Despite myself, I fell asleep in the pen. The weight of helping Michael O’Sullivan rob Henry Rourke and then being woken up by the old man’s’ wife, Elizabeth, and framed for his murder had proved to be too much for my poor little eyelids to handle. I fell asleep on the foul-smelling, stained bench in the holding cell, the only other individual to keep me company a dirty-skinned, ratty-haired drunk who’d pissed himself and passed out in a corner. God only knew in what order.
It wasn’t the worst place I’d ever fallen asleep or woken up in, but it was damn close. My sleep was fitful, my head full of nonsensical dreams of strangling that bitch Elizabeth, of Vincent Campbell putting a bullet in my brain, of Michael O’Sullivan turning me into ground beef with his oversized fists. Again, unpleasant, but not the worst I’d ever had.
At least no one was screaming as they burned to death.
I woke up when the February morning sun began to poke through the window at the end of the hallway. It was brighter than the dim bulbs that lit the cells, warmer. Impossible to ignore. I thought, “Christ, a decent night’s sleep on a real bed, that’s all I ask. When I was the last time I got that?” I couldn’t think of an answer, partially because I was still half-asleep and partially because I truly had no idea. That irritated me enough that I woke up the rest of the way.
I sat up on the bench and sighed. My drunk roommate was still out cold, snorting and muttering and rolling around like an old dog. It’d be funny in a way, if I wasn’t preoccupied by thoughts of spending the rest of my life behind bars for the murder of Henry Rourke. I mean, I hadn’t murdered the old man. And if nothing else, Rourke’s body didn’t have any bullet holes or anything like that. The most likely thing that could be “proved” would be that I’d busted into the house and the old man had dropped from a heart attack. But then, the district attorney could probably get playful with that. Or some of Vincent Campbell’s men, crooked cops in the pocket of a former movie star turned mobster, could play fast and loose with the evidence or with witness testimony.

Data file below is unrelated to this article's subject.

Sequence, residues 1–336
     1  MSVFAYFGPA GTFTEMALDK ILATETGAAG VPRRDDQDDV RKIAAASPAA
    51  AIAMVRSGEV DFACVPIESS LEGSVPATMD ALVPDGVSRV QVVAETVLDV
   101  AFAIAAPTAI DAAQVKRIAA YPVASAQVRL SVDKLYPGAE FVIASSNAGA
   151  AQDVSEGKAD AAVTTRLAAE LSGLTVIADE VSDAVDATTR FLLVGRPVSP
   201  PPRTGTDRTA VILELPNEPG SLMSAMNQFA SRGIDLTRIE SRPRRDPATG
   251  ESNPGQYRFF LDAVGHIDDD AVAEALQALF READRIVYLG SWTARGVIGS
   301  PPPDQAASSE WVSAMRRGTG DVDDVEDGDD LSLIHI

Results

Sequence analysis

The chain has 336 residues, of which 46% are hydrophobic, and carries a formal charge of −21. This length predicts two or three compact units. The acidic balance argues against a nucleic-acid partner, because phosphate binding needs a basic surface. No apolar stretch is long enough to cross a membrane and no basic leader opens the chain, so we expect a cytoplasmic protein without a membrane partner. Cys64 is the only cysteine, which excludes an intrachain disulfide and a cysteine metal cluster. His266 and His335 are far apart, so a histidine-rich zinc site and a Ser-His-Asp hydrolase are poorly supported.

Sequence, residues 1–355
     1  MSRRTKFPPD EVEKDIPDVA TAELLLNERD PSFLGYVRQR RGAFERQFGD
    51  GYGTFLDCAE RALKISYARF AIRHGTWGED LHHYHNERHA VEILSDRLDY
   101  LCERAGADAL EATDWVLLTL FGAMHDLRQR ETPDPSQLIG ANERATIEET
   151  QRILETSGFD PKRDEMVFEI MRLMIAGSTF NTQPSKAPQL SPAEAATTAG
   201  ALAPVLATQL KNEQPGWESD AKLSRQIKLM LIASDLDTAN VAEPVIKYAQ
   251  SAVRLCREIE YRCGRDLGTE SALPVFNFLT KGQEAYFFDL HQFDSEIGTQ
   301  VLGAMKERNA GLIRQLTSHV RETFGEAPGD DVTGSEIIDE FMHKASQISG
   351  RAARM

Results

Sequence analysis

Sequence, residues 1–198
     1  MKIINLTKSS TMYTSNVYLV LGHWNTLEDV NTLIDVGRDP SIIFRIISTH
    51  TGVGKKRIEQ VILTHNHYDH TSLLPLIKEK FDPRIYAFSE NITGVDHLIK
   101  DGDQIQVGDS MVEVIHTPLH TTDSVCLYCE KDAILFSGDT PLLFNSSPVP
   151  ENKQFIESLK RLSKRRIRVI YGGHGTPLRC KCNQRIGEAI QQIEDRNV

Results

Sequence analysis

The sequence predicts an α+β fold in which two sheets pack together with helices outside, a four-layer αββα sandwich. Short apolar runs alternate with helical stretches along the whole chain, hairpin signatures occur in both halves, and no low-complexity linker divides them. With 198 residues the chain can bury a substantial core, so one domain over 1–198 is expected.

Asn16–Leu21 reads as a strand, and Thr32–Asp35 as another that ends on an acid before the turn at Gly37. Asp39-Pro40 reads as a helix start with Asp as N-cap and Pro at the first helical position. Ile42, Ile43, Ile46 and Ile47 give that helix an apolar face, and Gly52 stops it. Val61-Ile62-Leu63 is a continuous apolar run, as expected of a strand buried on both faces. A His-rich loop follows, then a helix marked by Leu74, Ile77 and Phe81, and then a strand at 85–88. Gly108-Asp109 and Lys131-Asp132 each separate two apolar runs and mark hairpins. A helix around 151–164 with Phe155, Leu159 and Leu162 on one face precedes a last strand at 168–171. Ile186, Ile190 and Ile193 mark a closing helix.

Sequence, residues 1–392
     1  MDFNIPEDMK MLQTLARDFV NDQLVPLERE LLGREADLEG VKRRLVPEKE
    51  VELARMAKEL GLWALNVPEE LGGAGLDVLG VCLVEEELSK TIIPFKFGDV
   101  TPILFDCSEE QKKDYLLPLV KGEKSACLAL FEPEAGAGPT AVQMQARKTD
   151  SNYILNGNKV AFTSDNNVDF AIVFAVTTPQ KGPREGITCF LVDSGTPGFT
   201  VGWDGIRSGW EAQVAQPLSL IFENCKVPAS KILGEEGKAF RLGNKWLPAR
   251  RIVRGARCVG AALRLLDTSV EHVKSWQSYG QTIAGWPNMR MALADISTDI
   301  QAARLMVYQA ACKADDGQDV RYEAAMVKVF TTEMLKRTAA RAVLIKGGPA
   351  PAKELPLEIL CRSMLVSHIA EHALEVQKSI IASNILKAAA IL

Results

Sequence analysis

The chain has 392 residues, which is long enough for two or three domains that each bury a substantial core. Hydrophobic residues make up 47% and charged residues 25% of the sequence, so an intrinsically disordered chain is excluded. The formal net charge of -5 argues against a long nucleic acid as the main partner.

I shook my head and lay back down on the bench, my arm draped over my eyes to block out the sun. “How’s one man get so screwed?” I muttered out loud.
Elizabeth Rourke. Last time I take a case from a dame that looks like that.
I fell asleep again. Sometime later I was woken up by the sound of boots echoing off the walls of the hallway. “Maybe they’re going to formally charge me with something,” I thought. I shifted my arm and opened my eyes just a sliver to look at the cop standing in front of the cell door. He was an older man, his face lined from long years on the force, his mustache flecked with gray. We said nothing to each other, and after a few moments, he pulled out a ring of keys and unlocked the door.
“Get up,” he said. “Your bail’s been posted.”
I sat up on the bench and eyed the cop suspiciously. “Posted? By who?”
The cop didn’t say another word. He just turned and left, and as he did so, another figure stepped into the room. A man in his thirties, dressed sharp as Hell in a dark overcoat, a grey suit and a grey hat. He had a hard face, strong and cold as granite. The face of old money. A face like his dead father’s.
“Hello, Detective,” Patrick Rourke said, eying me like I was some kind of insect. “Let’s talk.”